Gov. Bentley expands drought emergency, burn ban to all of Alabama

Source: Alabama Forestry Commision website at 3:30 p.m. on Nov. 7, 2016
Source: Alabama Forestry Commision website at 3:30 p.m. on Nov. 7, 2016

MONTGOMERY, Ala. (WIAT) — The entire state of Alabama is now under a Drought Emergency Declaration, effective as of 3 p.m. Monday. This means all 67 counties in the state are under a no burn order, which prohibits all outdoor burning.

46 counties were already under the order, but Bentley says the dangerous wildfire conditions make it necessary to expand to the remaining counties in the southern part of the state.

“Although 46 counties in North Alabama were already under the No Burn Order, it was necessary to add the remaining 21 counties in the southern part of the state because of alarming wildfire activity and continued lack of rainfall,” Governor Bentley said. “The expansion of this No Burn Order is critical to keeping our citizens safe from the threat of wildfires and reducing the chance of avoidable fires.”

1,421 wildfires since the beginning of October have destroyed about 15,409 acres of land. Last year in the same time period, there were only 232 wildfires across the state.

Firefighters are currently battling a 700 acre blaze in Walker County that has burned since Friday. Other large wildfires occurred in Baldwin, Coosa and Wilcox County.

Interim Forester Gary Cole says the order results from the prolonged drought. As of Monday, there has not been rain in Birmingham in 50 days, and there doesn’t seem to be any relief from the drought in the short term forecasts.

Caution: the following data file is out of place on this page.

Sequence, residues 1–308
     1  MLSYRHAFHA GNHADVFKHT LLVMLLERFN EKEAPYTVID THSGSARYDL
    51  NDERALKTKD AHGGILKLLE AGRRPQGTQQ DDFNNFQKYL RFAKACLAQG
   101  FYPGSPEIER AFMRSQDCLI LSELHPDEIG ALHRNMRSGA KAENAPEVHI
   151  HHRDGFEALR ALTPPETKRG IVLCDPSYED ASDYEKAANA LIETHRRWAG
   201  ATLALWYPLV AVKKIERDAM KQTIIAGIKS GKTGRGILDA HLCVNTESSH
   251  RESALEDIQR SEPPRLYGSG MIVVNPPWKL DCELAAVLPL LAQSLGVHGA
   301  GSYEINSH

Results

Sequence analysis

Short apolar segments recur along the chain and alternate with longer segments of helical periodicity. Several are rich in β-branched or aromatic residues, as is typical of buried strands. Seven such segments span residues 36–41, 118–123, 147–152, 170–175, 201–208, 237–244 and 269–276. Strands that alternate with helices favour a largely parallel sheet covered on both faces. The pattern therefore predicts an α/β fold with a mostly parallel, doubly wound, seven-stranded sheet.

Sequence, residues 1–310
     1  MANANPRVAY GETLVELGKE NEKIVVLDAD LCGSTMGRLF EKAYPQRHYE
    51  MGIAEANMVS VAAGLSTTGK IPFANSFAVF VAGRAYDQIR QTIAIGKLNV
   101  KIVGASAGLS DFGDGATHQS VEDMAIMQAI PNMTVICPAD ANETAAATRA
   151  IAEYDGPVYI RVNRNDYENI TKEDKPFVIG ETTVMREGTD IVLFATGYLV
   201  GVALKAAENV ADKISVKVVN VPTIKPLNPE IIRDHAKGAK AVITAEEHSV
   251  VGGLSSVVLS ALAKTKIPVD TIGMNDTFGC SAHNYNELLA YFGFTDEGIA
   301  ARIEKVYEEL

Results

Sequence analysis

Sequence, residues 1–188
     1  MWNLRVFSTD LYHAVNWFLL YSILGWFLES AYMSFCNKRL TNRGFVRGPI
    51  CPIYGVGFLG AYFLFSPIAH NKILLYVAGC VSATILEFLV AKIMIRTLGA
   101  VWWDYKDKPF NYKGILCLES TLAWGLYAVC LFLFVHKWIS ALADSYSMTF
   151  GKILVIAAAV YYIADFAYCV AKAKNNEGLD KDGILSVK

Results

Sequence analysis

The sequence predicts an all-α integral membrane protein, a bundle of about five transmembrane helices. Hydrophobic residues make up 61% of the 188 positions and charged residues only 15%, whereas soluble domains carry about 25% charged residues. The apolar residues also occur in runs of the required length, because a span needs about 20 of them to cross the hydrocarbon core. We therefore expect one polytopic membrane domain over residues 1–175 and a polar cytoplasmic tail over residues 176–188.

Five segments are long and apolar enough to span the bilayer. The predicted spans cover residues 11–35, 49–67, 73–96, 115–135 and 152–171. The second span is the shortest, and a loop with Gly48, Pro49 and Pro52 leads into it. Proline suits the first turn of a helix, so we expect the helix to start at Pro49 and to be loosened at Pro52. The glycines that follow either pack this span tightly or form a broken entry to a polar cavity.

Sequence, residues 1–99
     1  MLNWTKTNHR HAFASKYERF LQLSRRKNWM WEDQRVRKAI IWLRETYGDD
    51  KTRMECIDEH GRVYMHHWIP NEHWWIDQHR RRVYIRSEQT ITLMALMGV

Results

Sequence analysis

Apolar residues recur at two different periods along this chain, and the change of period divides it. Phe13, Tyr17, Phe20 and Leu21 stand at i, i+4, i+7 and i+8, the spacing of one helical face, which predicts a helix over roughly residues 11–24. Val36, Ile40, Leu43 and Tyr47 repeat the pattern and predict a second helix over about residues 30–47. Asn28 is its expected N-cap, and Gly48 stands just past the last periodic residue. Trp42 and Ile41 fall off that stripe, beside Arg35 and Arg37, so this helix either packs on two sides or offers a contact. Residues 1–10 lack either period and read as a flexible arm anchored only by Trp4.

“With these extremely dry conditions, any fire can quickly spread out of control. Over the past few weeks we’ve seen an increase not only in the number of wildfires that have occurred, but also the size,” Cole explained. “Several of these fires have been large, not only resulting in damage to our forests but also directly threatening residential areas. If not for the efforts of Forestry Commission firefighters and assistance from volunteer fire departments we would have lost homes.”

So what does the burn ban mean for you? A press release from the Office of the Governor explains:

Under the Drought Emergency ‘No Burn’ Order, Section 9-13-141 of the Code of Alabama states that it is illegal for any person to set fire to any forest, grass, woods, wildlands or marshes; to build a campfire or bonfire; or to burn trash or other material that may cause a forest, grass or woods fire. Specifically, the regulation prohibits any prescribed burns, any campfire or bonfire, any trash or debris fires, or any other open burning. If convicted, the penalty for violating the No Burn order is up to six months in jail and a fine of up to $500.00.

The ‘No Burn’ order will remain in effect until rescinded by the State Forester, at which time conditions will have changed sufficiently to reduce the occurrence and frequency of wildfires. To report persons burning in violation of this law, contact your local law enforcement. For more information on the current wildfire situation in the state, visit Alabama Forestry Commission’s website at www.forestry.alabama.gov.

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